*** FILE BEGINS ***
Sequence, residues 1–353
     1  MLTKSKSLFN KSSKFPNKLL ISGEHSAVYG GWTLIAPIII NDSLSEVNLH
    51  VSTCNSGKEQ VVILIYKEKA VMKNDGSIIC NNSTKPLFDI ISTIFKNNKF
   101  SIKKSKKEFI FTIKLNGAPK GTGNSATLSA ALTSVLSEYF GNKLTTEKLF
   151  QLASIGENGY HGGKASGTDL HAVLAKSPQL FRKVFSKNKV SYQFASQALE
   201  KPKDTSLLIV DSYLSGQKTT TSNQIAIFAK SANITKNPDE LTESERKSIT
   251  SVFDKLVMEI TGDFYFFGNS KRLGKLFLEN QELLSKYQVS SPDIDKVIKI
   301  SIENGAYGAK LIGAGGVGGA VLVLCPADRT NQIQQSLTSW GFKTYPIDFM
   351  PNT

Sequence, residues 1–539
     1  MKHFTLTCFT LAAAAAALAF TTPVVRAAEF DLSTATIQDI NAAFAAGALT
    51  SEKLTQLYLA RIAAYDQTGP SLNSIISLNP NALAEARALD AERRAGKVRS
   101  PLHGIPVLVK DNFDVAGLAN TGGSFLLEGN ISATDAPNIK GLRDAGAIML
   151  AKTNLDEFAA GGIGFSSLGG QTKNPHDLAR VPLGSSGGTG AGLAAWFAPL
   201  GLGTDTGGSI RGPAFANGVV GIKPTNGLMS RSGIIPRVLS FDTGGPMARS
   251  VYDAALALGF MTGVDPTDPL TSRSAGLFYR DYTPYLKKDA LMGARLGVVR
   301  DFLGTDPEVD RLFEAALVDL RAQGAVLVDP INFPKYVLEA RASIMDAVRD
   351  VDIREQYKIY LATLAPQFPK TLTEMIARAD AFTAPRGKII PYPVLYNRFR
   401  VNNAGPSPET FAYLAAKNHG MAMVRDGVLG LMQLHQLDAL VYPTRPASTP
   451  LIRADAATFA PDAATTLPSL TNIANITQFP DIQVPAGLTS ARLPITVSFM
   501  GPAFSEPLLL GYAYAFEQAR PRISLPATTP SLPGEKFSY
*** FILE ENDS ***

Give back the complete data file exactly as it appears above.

Sequence, residues 1–353
     1  MLTKSKSLFN KSSKFPNKLL ISGEHSAVYG GWTLIAPIII NDSLSEVNLH
    51  VSTCNSGKEQ VVILIYKEKA VMKNDGSIIC NNSTKPLFDI ISTIFKNNKF
   101  SIKKSKKEFI FTIKLNGAPK GTGNSATLSA ALTSVLSEYF GNKLTTEKLF
   151  QLASIGENGY HGGKASGTDL HAVLAKSPQL FRKVFSKNKV SYQFASQALE
   201  KPKDTSLLIV DSYLSGQKTT TSNQIAIFAK SANITKNPDE LTESERKSIT
   251  SVFDKLVMEI TGDFYFFGNS KRLGKLFLEN QELLSKYQVS SPDIDKVIKI
   301  SIENGAYGAK LIGAGGVGGA VLVLCPADRT NQIQQSLTSW GFKTYPIDFM
   351  PNT

Sequence, residues 1–539
     1  MKHFTLTCFT LAAAAAALAF TTPVVRAAEF DLSTATIQDI NAAFAAGALT
    51  SEKLTQLYLA RIAAYDQTGP SLNSIISLNP NALAEARALD AERRAGKVRS
   101  PLHGIPVLVK DNFDVAGLAN TGGSFLLEGN ISATDAPNIK GLRDAGAIML
   151  AKTNLDEFAA GGIGFSSLGG QTKNPHDLAR VPLGSSGGTG AGLAAWFAPL
   201  GLGTDTGGSI RGPAFANGVV GIKPTNGLMS RSGIIPRVLS FDTGGPMARS
   251  VYDAALALGF MTGVDPTDPL TSRSAGLFYR DYTPYLKKDA LMGARLGVVR
   301  DFLGTDPEVD RLFEAALVDL RAQGAVLVDP INFPKYVLEA RASIMDAVRD
   351  VDIREQYKIY LATLAPQFPK TLTEMIARAD AFTAPRGKII PYPVLYNRFR
   401  VNNAGPSPET FAYLAAKNHG MAMVRDGVLG LMQLHQLDAL VYPTRPASTP
   451  LIRADAATFA PDAATTLPSL TNIANITQFP DIQVPAGLTS ARLPITVSFM
   501  GPAFSEPLLL GYAYAFEQAR PRISLPATTP SLPGEKFSY